Delflandia, Schielandia et circumjacentes Insulae by Nicholas Visscher

Delflandia, Schielandia et circumjacentes Insulae by Nicholas Visscher

Code: 54433

£190.00 Approx $235.73, €219.65

Date: Circa 1690

Long title: Delflandia, Schielandia et circumjacentes Insulae ut Voorna, Overflackea, Goerea, Yselmonda et aliae.  Detailed map of Southern Holland, which includes the cities of The Hague (Gravenhage), Rotterdam, Willemstad, Gouda and Delft. With a dedication to Jacob a Dussen by Nicolaas Visscher II.   Title in banner form supported by putti.  Dedication bottom left surmounted by putti holding coat of arms.  Two scale of distance top left , the waterways are filled with ships and in the Mare Germanicum the ships are throwing up clouds of spray as they advance.  Copper engraving with original hand colouring.  Overall sheet size:62 cms x 51.9 cms; image size: 556mm x 460mm.  Overall toning and some spotts to margin. Old manuscript ink number 6 top right. Some very faint spotting to blank area I Volcke Rack and a couple of spots in the title cartouche ; centrefold as published and one other fold to the left of this (faint) else a very detailed map in good condition .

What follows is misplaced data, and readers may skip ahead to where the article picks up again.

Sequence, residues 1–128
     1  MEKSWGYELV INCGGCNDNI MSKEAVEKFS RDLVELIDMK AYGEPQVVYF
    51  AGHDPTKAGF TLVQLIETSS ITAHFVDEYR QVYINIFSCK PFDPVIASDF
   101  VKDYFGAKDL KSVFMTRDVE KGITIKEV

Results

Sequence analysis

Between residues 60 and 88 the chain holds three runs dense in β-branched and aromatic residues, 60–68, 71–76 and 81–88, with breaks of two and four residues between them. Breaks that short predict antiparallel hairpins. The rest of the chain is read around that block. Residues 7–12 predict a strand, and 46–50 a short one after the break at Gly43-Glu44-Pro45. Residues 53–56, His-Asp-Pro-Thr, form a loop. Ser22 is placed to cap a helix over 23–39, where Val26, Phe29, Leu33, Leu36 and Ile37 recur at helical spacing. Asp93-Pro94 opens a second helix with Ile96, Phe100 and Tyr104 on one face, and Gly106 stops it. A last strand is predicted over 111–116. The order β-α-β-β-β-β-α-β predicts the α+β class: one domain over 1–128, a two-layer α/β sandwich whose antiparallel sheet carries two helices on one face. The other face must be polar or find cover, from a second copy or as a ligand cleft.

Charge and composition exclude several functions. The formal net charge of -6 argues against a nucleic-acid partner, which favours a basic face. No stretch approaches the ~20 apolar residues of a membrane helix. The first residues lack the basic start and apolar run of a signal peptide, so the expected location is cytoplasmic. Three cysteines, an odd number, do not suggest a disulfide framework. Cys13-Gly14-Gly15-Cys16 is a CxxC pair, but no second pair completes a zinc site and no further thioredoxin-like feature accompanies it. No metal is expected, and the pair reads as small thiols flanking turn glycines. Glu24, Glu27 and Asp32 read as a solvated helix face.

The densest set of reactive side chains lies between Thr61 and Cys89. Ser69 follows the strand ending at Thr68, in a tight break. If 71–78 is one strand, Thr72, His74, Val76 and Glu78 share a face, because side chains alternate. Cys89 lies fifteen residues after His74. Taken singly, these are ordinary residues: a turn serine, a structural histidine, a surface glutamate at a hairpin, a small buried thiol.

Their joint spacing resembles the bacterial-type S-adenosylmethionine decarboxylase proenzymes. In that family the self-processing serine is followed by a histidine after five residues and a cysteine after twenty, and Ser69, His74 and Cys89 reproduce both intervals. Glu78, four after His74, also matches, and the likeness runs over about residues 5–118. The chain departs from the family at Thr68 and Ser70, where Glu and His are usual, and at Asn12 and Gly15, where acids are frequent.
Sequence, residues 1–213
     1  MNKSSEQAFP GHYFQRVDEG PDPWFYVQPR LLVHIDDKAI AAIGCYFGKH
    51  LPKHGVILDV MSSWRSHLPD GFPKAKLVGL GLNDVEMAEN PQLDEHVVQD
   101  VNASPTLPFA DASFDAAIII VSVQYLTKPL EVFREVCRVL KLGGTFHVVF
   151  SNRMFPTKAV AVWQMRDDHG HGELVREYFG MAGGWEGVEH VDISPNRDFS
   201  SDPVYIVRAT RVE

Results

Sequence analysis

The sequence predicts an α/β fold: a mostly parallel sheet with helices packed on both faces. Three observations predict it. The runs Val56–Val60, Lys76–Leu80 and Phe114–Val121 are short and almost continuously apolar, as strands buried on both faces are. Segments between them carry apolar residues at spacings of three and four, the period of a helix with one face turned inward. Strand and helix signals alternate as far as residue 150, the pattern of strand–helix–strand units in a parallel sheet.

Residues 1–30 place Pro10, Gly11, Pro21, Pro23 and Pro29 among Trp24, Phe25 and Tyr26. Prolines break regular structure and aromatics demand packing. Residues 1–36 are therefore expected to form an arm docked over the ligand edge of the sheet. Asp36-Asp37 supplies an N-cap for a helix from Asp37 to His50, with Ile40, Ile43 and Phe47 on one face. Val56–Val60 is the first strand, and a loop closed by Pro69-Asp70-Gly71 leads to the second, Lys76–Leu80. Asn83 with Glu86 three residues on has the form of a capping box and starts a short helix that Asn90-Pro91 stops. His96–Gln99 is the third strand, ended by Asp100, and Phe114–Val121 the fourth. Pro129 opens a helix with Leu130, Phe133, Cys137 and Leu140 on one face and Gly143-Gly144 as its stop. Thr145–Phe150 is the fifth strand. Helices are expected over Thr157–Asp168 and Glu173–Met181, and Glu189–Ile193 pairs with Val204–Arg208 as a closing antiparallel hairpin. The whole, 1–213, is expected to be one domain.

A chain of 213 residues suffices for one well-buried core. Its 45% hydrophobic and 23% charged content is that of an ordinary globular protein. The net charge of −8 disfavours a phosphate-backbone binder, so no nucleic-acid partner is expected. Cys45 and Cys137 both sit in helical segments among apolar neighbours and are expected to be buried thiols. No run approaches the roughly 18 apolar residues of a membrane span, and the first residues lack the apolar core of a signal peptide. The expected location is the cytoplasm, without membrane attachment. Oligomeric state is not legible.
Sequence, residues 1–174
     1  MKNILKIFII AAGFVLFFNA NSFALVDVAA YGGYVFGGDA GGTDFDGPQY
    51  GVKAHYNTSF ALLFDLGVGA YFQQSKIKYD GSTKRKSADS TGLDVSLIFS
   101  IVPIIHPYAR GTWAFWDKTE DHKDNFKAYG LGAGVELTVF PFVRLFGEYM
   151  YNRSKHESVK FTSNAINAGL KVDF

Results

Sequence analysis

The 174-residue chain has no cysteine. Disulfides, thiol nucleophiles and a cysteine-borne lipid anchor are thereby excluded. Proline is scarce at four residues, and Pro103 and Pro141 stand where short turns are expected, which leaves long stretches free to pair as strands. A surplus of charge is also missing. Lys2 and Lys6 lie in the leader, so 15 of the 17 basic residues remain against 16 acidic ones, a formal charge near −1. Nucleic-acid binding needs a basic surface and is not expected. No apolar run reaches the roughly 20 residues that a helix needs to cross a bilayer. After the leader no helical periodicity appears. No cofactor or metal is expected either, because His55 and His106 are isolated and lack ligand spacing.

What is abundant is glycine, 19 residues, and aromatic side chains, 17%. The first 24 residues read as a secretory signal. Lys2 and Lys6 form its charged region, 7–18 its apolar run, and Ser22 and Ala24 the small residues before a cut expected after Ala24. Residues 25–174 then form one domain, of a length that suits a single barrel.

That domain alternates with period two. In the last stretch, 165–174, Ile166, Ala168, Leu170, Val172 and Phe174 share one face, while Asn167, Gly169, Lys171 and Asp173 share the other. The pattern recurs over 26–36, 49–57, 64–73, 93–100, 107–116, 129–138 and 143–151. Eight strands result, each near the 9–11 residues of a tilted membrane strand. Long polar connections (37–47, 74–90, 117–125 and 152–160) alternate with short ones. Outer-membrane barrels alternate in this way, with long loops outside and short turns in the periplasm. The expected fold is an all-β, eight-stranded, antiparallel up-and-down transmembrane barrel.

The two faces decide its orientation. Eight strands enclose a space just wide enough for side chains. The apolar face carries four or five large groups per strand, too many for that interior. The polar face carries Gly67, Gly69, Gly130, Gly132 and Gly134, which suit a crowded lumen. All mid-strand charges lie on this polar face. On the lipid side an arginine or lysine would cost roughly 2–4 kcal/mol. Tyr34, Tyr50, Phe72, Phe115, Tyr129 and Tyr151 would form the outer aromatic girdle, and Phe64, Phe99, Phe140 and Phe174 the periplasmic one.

For nearly a century the members of the Visscher family were important art dealers and map publishers in Amsterdam. The founder of the business, C. J. Visscher, had premises near to those of Pieter van den Keere and Jodocus Hondius whose pupil he may have been.

From about 1620 he designed a number of individual maps, including one of the British Isles, but his first atlas consisted of maps printed from plates bought from van den Keere and issued as they stood with some additions of his own, including historical scenes of battles and sieges for which he had a high reputation. Some maps bear the latinized form of the family name: Piscator.

After Visscher's death his son and grandson, both of the same name, issued a considerable number of atlases, constantly revised and brought up to date . The widow of Nicholaes Visscher II carried on the business until it finally passed into the hands of Pieter Schenk.